I was very worn. Two full weeks of respiratory infection was really discouraging. As anyone with chronic fatigue or chronic illness can attest, the emotional strain of constantly battling can be just as defeating as the fatigue or illness itself. The two stanzas of Psalm 119 that we’re studying this week really challenged me to see my affliction in a different light. It has been hard to put this post together because its often difficult to think of affliction as good when you’re in the midst of it. But, God is using this to continually renew my mind (Romans 12:1-2). So, with no further ado, let’s dig in.
Teth & Yodh (Psalm 119:65-80)
The Psalmist begins both of these stanzas with the acknowledgement that God is the Creator and He is all-knowing. Time and again the Psalmist has shown us that obedience to the Lord’s ways is far superior and much more rewarding than seeking comfort in worldly ways. Like the Psalmist then, we should begin with that type of praise to the Lord. And, there is great comfort to be found in aligning our priorities with God’s heart. But these stanzas do more than praise God for His wisdom in creation, they thank Him for His correcting of our paths. This is where the verses really began to dig into me.
During a particularly difficult day not long ago I was reminded that Jesus lamented his physical pain and suffering, too. In the garden of Gethsemane, on the night in which he was betrayed, Jesus prayed:
“Father, if you are willing, remove this cup from me. Nevertheless, not my will, but yours, be done. […] And being in agony he prayed more earnestly; and his sweat became like great drops of blood falling down to the ground.” -Luke 22:42, 44.
Jesus was so distressed that he actually sweated blood. But, his trust was so deep that he chose obedience to God’s will rather than his own fleshly desire to avoid the pain.
How deep is my love and trust of the Lord? Can I bring myself to pray His will over my own? The answer is yes, but could not be without first knowing of God’s profound love for me. That’s what this chronic fatigue and illness has done for me. I am much more aware of His abiding love for me personally than I ever was before. So much am I aware of this that I’m beginning to look at my affliction as an instrument of God’s instruction for me.
We’re told in Hebrews that, “For the moment all discipline seems painful rather than pleasant, but later it yields the peaceful fruit of righteousness to those who have been trained by it (Hebrews 12:11).” If its that peaceful fruit of righteousness that I’m after, then why wouldn’t I expect to be tested? In that same discourse in Hebrews, the author also exhorts his readers to remember that we are sons of God:
“My son, do not regard lightly the discipline of the Lord, nor be weary when reproved by Him. For the Lord disciplines the one he loves, and chastises every son whom he receives (Hebrews 12:5b-6).”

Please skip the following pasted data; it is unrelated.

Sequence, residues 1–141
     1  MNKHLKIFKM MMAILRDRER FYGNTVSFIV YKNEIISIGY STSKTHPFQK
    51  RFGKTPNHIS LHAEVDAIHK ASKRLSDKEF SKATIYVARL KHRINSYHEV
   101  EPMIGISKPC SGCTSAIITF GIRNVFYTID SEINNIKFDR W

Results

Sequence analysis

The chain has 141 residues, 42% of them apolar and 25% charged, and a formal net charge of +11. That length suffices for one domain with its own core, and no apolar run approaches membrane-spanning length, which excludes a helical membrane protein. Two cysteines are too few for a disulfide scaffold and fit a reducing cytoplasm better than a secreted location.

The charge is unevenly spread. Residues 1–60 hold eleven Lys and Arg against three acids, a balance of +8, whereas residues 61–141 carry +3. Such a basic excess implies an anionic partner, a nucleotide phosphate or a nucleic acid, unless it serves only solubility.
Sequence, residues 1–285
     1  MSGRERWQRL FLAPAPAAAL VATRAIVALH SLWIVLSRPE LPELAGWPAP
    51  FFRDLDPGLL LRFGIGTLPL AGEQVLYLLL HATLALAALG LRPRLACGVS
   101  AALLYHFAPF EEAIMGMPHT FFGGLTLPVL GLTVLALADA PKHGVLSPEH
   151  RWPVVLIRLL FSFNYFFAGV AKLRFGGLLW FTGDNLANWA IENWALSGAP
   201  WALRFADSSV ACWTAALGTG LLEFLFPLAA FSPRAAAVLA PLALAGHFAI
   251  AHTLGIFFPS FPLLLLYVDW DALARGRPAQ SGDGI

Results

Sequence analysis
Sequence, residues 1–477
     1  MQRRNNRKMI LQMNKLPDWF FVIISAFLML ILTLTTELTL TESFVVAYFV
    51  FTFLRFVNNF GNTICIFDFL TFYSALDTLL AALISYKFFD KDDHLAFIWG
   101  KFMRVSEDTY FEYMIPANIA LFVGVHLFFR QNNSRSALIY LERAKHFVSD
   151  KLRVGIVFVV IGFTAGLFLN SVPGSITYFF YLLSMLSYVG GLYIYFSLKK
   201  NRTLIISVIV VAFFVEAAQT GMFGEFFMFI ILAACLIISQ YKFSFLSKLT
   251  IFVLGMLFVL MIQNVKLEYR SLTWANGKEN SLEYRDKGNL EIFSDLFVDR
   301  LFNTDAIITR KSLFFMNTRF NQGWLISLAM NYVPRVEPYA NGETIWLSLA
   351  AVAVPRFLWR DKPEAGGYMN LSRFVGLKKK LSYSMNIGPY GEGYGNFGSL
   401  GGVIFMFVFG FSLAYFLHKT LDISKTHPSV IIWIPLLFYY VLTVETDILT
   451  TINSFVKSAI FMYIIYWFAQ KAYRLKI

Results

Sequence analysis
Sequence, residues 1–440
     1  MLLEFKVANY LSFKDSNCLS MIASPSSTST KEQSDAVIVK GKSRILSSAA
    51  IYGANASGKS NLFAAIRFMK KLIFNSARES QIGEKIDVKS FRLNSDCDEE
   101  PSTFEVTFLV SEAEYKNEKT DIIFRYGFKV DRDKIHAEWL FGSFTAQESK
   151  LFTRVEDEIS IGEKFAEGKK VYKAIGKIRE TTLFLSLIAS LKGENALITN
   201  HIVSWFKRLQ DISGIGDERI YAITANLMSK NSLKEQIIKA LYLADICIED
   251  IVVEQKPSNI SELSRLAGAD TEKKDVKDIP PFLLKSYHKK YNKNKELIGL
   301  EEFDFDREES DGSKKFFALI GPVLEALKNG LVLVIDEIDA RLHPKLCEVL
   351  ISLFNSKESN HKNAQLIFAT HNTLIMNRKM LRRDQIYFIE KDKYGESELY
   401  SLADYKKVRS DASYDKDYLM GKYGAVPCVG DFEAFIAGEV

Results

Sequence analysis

So while our circumstances may not be ideal, remember that God is sovereign over all; He may be allowing your affliction for your benefit in His kingdom. This is something we should all be praying over ourselves – Lord, what fruit are You harvesting because of this?
The author of Psalm 119 knew the correction that God can bring through affliction. In verse 67 he writes, “Before I was afflicted I went astray, but now I keep your word.” Immediately following – as if reminding us of the good in the Lord’s discipline – he writes, “[God is] good and [does] good (v. 68).” This same pattern of adversity leading to righteousness is also found two verses later: Verse 71 says, “It is good for me that I was afflicted, that I might learn your decrees.” Verse 72 follows with, “The law from your mouth is more precious to me than thousands of pieces of silver and gold.” In other words, God’s will is better than anything.
A similar pattern is found in verses 75 through 77, but with a little twist. Verse 75 is a beautiful confession of God’s righteousness and His faithfulness to us. Moreover, the Psalmist feels so strongly that God has dealt well with him through affliction that he considers affliction evidence of God’s faithfulness to him. But he also knows that the process isn’t always easy. Verses 76 and 77 are heartfelt prayers to the Lord:
God promises to forever be faithful to us. His love is unfailing and so deep that He gave us Jesus to be the ultimate reconciliation for us, which means we share in fellowship with the Father through the Son (John 14:21-23). With these promises – and many others – we can rest assured in our ultimate home, heaven. Also, we can trust the Lord’s compassion to ease the emotional strain, if not also the physical affliction.
Let’s end with the knowledge that God is compassionate to us, His heirs with Christ:
“Blessed be the God and Father of our Lord Jesus Christ, the Father of mercies and God of all comfort, who comforts us in all our affliction, so that we may be able to comfort those who are in any affliction, with the comfort with which we ourselves are comforted by God. For as we share abundantly in Christ’s sufferings, so through Christ we share abundantly in comfort too.” -2 Corinthians 1:3-5